“Modern machinery, quest for sustainable construction and abundance in availability has made clay an architect-friendly material”
Ever since humans evolved from nomads to settlers, clay has played an important role in almost every aspect of early livelihoods. Its unique chemistry allows clay to be tremendously flexible in terms of size and shape. As a result, it is an incredibly versatile material that can be easily moulded for construction purposes.
From prehistoric times, clay has been indispensable in architecture, industry and agriculture. As a building material, it is used in the form of brick, either sun-dried (adobe) or fired. Clays are also of great industrial importance — for example, in the manufacture of tile for wall and floor coverings, of porcelain, china, and earthenware, and of pipe for drainage and sewage.
Adobe structures account for some of the oldest existing buildings in the world.
Arg-e Bam in Iran, Taos Pueblo in New Mexico, Great Mosque of Djenné in Mali, Aït Benhaddou in Morocco and the mud brick-made high-rise buildings in Shibam, Yemen are some of the most famous buildings made of clay. Closer home, India is home to some amazing architecture built with clay such as the Qutub Minar and IIM Ahmedabad.
So, how are clay bricks made? As a natural material, clay is extracted locally with the greatest possible consideration for the environment and the biodiversity of flora and fauna. They are then processed and shaped into bricks. Subsequently, they are either naturally dried in the sun or are dried using artificial methods.
Modern machinery, computer-aided design, the quest for cost-effective sustainable construction and abundant availability has made clay not only environment friendly but also an architect-friendly material. As a result, they are fast becoming popular today as a sustainable, alternative construction material.
There are many reasons why the materials used to build a house can make the difference between an uncomfortable shelter and a healthy, beautiful one. You may think that natural building materials might be a burden to indoor climate. In fact, it is quite the contrary: due to their special humidity-regulating properties, massive brick buildings make a major contribution to healthy living as it doesn’t release any harmful chemicals. As clay is a natural material, it utilises minimally processed, non-toxic materials making it non-polluting, safe and long lasting.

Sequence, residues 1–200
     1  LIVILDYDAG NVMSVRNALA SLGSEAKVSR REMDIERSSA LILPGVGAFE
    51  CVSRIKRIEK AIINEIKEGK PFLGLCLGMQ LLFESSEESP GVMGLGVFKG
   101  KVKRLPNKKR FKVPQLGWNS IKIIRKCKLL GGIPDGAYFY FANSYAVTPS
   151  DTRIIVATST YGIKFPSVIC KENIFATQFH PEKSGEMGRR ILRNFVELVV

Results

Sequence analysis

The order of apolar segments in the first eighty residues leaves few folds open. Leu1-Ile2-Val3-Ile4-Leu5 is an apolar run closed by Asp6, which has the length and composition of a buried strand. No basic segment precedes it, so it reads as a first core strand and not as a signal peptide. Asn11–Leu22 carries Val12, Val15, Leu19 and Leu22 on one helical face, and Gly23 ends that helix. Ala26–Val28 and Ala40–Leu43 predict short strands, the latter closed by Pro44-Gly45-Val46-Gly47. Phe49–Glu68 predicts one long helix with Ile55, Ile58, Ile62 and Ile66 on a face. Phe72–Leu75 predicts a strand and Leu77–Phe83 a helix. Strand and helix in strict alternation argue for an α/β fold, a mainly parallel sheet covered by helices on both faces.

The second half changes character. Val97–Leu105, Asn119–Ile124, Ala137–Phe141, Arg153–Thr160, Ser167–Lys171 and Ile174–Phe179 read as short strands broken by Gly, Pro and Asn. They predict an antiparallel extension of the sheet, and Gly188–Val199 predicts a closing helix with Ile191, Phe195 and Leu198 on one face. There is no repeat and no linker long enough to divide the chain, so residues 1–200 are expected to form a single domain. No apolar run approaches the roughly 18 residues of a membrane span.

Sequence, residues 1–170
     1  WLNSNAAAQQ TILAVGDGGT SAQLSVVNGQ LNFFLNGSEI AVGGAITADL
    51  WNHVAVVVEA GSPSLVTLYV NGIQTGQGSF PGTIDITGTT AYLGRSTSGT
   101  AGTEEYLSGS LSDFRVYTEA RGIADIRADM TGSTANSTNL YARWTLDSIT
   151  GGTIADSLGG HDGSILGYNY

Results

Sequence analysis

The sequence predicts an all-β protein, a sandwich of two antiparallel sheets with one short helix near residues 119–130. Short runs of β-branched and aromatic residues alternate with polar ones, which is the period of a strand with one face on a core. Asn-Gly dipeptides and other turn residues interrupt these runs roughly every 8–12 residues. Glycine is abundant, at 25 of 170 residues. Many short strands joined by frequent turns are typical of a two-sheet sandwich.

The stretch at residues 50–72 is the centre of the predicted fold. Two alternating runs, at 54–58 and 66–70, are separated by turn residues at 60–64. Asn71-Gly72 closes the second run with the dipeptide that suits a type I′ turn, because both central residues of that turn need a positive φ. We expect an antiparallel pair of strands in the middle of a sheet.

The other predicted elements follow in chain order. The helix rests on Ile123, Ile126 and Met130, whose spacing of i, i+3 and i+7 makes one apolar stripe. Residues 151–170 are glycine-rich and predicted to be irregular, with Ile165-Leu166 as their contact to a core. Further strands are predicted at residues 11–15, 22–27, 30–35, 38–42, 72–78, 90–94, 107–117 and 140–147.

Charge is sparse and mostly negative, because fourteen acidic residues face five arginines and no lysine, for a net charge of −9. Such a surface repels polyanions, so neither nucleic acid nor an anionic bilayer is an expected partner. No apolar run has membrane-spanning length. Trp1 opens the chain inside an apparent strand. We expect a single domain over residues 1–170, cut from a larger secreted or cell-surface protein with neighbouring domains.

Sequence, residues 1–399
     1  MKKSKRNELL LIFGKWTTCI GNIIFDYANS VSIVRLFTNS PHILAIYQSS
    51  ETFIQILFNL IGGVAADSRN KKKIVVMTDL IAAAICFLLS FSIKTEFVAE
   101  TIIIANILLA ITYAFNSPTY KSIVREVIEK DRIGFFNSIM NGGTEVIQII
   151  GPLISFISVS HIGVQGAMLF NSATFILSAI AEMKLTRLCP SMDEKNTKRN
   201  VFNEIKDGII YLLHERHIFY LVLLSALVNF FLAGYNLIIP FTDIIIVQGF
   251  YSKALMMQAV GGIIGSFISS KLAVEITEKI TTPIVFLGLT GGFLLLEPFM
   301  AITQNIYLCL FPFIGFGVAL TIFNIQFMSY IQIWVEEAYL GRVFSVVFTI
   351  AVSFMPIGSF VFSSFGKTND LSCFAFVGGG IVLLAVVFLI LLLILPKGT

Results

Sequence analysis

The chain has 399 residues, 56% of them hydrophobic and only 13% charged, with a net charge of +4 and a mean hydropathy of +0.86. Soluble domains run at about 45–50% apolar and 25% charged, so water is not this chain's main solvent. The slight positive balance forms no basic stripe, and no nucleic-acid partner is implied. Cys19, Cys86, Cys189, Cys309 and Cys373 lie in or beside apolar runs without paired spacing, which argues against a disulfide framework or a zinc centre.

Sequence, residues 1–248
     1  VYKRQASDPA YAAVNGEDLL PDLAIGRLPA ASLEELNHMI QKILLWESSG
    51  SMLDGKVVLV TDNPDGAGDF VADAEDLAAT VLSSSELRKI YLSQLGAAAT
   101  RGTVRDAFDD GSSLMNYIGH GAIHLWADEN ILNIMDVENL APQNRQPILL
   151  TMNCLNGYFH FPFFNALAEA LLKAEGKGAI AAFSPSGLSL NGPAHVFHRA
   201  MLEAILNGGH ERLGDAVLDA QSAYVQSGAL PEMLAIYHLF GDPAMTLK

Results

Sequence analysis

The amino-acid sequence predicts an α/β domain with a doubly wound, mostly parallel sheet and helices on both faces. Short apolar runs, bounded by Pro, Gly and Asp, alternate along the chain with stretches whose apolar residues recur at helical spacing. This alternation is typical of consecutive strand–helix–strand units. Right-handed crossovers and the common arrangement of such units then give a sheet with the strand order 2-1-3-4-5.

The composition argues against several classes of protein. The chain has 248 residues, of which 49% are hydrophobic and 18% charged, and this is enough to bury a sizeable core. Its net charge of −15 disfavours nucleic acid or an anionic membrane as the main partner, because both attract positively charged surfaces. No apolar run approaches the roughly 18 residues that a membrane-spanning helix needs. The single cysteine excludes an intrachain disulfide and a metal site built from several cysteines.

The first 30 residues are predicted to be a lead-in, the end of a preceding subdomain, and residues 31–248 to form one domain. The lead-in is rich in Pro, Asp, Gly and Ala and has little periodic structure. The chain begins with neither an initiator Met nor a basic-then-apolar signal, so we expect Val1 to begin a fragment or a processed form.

Let’s look at some of major benefits of using clay:
1. Energy efficient
Selecting the right building material becomes imperative as buildings increasingly design limited pathways for air to pass through. Natural building materials, particularly clay, is ideally suited to incorporate the immediate environment through the use of sustainable design practices.
Additionally, as clay walls are thick, they have a lot of thermal mass. As a result, heat is collected during the day and is slowly released during night time. This is particularly useful for heating during winter and for cooling during summer.
2. Good for health
Various studies indicate that the harmful nature of chemical substances in indoor air such as dust and mould spores and high levels of carbon dioxide can lead to long-term health problems. In this context, clay bricks and blocks make for a healthy alternative. Research indicates that they are among the few man-made building materials whose mineral properties meet ‘all necessary requirements for healthy living’.
The inorganic or inert qualities of fired clay release an insignificant amount of volatile organic compounds (VOC) or toxic fumes under normal or fire conditions to have any negative impact on air quality. Fired clay has a natural propensity to absorb and release humidity from the atmosphere. As a result, it helps keep humidity at a required 40 to 60% level for healthy living. What also makes it a better material is that it is not a food source for mould, which is largely associated with various allergies.
Besides being natural and maintenance friendly, clay is sustainable in all production stages — from raw material extraction to production and packaging, right through to processing. Clay building materials are unresponsive to the temperature variations, that is, they do not expand or shrink with lows and highs of temperatures and hence, are more stable.
Today, the sheer variety that clay offers is enticing many architects and builders to use the material in their designs. The different textures and variation in colours give architects ample choice to play with the design and create a masterpiece. As a result, there are various designs coming out in this segment, keeping sustainability and optimal usage in mind. As more and more people are looking towards sustainable and energy-efficient alternatives, creating homes that last has become a key concern. The main focus becomes a home that is low on maintenence and upkeep.
And today when architects use these materials in their buildings, it gives them and the homeowner a sense of being environmentally responsible. While we may not have a home that is explicitly ‘green’, it is a good feeling to know that by using even one or two sustainable building materials we can reduce our carbon footprint.
Authored By A Wienerberger Building Expert.
The article was originally published on Deccan Herald